What’s your favorite green and how do you prepare it?  Let me know in the comments below!
Brooke’s No Fail Kale
Prep Time: 2 minutes 
Cooking Time: 10 minutes 
Yield: 4 servings 
1 tablespoon olive oil 
1-2 cloves crushed garlic 
1 bunch kale, chopped 
juice of half a lemon
pinch of salt 
1. Warm oil in pan on medium heat with minced garlic until aromas of garlic are released, about 2-3 minutes. . 
3. Add chopped kale, stir-fry for a couple of minutes. 
4. Add a splash of water, lemon juice and pinch of salt to pan, cover and let steam for 4-5 minutes. Season with salt and pepper if needed.  

Just because it’s winter is no reason to think that you need to forgo your efforts to eat seasonal veggies – there are quite a few superstar winter veggies that have a proven track record of promoting good health and keeping you away from the doctor’s office.  Check out some of these nutrient packed veggies next time you’re perusing the produce aisle…

Kale has really risen in ranks this year on the popular veggie list…and for good reason!   Low in calories, and high in vitamins A, B6, C and K, along with a healthy dose of fiber, iron and calcium, it’s one of the healthiest greens you can eat.  It also contains some important phytochemicals that may help prevent eye conditions such as cataracts and macular degeneration.  And it’s SO easy to cook.  Sauté the kale with some olive oil, garlic, lemon and dash with some salt and pepper – you’ve got one healthy and delicious side dish!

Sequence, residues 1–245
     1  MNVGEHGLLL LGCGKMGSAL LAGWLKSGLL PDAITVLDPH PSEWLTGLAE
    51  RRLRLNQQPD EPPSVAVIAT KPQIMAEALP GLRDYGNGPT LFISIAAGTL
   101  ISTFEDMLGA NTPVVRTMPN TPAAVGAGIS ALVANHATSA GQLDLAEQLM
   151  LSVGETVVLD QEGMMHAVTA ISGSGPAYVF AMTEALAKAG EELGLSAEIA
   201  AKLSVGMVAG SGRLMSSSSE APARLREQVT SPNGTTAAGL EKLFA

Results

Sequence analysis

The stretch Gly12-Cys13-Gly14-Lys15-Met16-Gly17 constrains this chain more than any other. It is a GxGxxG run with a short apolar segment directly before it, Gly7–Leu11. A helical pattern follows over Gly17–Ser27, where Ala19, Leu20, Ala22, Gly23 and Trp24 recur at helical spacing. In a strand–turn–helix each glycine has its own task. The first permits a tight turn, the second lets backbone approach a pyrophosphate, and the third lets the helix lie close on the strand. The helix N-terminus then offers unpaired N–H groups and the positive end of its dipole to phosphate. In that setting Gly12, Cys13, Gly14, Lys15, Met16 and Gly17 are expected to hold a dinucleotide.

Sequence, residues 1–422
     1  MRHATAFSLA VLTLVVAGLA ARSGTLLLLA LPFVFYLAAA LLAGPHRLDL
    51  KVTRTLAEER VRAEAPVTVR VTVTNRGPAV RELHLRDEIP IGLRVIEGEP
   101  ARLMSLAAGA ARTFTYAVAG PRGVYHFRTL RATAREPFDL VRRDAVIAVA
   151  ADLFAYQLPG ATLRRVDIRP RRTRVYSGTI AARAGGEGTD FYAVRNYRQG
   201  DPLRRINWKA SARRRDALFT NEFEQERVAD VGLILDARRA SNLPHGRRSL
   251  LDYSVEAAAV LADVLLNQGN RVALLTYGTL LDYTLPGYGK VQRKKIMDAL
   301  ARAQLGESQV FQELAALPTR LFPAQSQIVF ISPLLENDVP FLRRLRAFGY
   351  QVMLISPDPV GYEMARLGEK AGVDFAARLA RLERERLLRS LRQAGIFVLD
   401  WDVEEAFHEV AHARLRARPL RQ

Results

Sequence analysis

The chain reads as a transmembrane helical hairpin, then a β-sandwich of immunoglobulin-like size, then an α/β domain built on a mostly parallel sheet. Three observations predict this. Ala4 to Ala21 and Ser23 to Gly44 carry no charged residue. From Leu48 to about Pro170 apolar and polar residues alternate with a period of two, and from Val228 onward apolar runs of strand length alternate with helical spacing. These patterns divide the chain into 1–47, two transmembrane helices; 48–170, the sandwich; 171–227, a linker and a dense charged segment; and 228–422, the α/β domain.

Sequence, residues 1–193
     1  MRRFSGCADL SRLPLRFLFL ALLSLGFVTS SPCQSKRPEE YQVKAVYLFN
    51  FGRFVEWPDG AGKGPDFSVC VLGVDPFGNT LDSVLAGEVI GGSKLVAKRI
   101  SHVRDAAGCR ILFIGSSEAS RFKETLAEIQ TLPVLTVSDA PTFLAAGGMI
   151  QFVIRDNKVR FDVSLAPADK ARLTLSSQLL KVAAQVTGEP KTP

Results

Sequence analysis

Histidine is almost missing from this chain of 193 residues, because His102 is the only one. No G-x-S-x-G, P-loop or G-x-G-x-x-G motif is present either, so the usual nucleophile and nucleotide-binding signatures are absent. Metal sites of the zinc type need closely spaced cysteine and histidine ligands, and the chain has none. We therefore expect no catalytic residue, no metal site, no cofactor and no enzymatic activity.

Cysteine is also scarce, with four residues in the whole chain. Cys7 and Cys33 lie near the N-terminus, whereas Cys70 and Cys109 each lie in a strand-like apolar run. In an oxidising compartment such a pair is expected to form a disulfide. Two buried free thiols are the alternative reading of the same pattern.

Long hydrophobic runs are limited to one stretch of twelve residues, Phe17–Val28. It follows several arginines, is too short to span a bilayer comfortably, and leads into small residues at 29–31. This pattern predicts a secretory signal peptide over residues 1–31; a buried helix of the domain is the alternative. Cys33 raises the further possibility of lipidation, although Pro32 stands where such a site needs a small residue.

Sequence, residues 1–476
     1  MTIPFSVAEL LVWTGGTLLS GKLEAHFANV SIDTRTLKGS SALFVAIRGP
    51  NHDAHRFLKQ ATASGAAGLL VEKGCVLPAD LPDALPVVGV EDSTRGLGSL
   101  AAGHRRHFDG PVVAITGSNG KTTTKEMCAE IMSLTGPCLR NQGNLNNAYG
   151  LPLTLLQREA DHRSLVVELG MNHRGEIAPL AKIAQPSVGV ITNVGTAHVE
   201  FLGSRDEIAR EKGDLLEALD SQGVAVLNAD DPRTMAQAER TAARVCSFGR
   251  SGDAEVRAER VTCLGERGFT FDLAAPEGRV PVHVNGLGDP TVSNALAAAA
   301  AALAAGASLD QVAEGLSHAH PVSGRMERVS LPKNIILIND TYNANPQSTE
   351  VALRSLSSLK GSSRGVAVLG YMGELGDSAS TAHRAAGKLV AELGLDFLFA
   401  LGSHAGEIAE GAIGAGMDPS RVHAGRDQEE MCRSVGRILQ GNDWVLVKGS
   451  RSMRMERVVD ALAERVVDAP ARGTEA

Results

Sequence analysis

I blogged about them in my last post, but sweet potatoes are WAY more nutrient packed than a regular old spud!  And when cooked, an enzyme in the potato breaks down the starch and turns it into maltose, giving it a wonderful sweet flavor.  Try cutting them up into bite sized pieces, drizzling some olive oil, cumin, chili powder, salt and pepper – and roast them in the oven on 400°.

I discovered how awesome beets were when I realized that they don’t just come gel-like from a can like how my father used to eat them at Thanksgiving! Beets have a subtle, earthy sweetness and are loaded with heart-healthy folic acid and are an excellent blood purifier.  And don’t forget about those leafy greens at the top – they are actually more nutritious than the roots with double the potassium, folic acid, calcium and iron.  I suggest cooking beets with their skins on – it’s way less messy!  Trim off the ends and roast at 450° until tender.  Rub off skins once cool.  And those greens?  Saute in some olive oil and minced garlic.  Two nutrient packed side dishes in one, wow! :)